If you are putting up a Christmas tree, place it in a corner or in a room that can be blocked off from your pet's wanting eyes. If you are using a live Christmas tree, keep the area free and clear of pine needles, which can puncture your pet's intestines if ingested. Water additives for Christmas trees can be hazardous. Do not add aspirin, sugar, or anything to the water for your tree if you have pets in the house.
Avoid ornaments that have sharp edges, which can cause lacerations to pets who try to chew on them. Shards from broken ornaments may injure paws, mouths, or other parts of your pet's body. Additionally, they can be a choking hazard or cause intestinal blockage. Keep any homemade ornaments and trims, particularly those made from salt-dough or other edible ingredients, out of reach of pets.
Be sure holiday light cords are out of reach. Tape them to the wall or floor to avoid chasing or chewing through the cords and risking burns or fluid accumulation in the lungs associated with electrical shocks.
Keep your animals in mind as you light candles, menorah, luminaries and fireplaces. Place your menorah or other candles on a stable surface your pet can’t reach – there's no telling where a wagging tail may end up. Consider replacing tapers and tea lights with flameless candles. Homes with fireplaces can help avoid accidental burns by using fireplace screens
Liquid potpourri can bring the scents of the season into any room, but be careful your pets don’t ingest any of this concentrated fragrance. Liquid potpourri also contains a cationic detergent, which is corrosive and can cause burns on a pet's tongue, difficulty breathing, and stress on the liver.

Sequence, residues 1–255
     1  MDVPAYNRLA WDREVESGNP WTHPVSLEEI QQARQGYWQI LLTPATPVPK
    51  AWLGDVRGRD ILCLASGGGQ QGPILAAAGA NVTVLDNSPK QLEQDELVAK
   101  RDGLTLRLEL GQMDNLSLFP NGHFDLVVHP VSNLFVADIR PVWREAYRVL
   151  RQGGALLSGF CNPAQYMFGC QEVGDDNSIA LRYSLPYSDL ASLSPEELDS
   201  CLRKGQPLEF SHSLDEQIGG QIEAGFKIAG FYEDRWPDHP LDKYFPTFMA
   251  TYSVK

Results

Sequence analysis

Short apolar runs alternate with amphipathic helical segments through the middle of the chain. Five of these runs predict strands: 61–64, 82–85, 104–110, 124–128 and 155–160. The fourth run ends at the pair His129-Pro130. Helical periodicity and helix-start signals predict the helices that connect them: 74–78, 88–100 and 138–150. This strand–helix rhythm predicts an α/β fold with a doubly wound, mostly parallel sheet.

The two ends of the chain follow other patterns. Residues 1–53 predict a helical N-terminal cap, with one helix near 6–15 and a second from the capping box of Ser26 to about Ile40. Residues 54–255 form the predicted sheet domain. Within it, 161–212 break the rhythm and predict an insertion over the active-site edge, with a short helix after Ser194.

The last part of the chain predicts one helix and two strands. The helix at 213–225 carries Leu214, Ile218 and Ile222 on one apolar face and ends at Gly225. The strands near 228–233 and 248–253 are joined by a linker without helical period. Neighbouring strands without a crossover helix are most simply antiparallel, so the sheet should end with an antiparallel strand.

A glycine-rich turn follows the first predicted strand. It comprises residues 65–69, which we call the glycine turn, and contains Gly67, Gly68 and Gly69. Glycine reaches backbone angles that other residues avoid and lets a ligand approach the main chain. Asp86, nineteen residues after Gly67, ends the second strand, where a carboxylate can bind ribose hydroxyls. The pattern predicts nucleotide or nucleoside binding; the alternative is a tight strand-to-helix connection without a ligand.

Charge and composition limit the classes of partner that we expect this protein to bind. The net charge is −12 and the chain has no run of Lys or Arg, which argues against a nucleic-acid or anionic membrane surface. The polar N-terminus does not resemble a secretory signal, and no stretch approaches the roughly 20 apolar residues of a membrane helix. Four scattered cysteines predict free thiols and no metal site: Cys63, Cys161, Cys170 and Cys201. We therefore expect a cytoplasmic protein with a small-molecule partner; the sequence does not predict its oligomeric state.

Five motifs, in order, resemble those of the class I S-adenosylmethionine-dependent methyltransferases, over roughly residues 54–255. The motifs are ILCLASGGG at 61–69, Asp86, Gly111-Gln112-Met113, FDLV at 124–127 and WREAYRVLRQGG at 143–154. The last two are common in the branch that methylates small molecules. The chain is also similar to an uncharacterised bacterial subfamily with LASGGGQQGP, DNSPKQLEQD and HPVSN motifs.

When gift wrapping, keep your pet from the temptations of those shiny ribbons. Swallowing a piece of wrapping paper, string, plastic, or cloth could cause intestinal blockage. Scissors are another hazard, and they should be kept off floors or low tables.
For pets, mistletoe and holly are two of the more toxic holiday plants. They can cause severe gastrointestinal disorders, breathing difficulty, even heart failure in extreme case when ingested. Additionally, Amaryllis, balsam, pine, cedar, and Poinsettias are among the common holiday plants that can be dangerous and even poisonous to pets when eaten.
Be aware of the added risk for your pet when their routine is changed by visitors, whether the group is large or small. Make sure your pet has a room or crate: somewhere they feel safe for retreat when they need it. Even pets that are normally people lovers can become nervous in the activity of a holiday party.
As your guests arrive, keep an eye on the door as people are entering and leaving. You don’t want your four-legged companion to wander out and get lost.
Your guests may not know that feeding rich holiday fare to pets can lead to illness like pancreatitis. Make it clear to visitors that giving leftovers to your animal is not okay, no matter how much he begs. Incidentally, it’s a good idea to teach your dog to stop begging at the dinner table. Our staff will be glad to offer suggestions for this training.
While it isn’t likely any of your guests would knowingly give your pet a drink of an alcoholic beverage, alcohol in other forms can be just as dangerous, like a piece of rum cake or unbaked dough.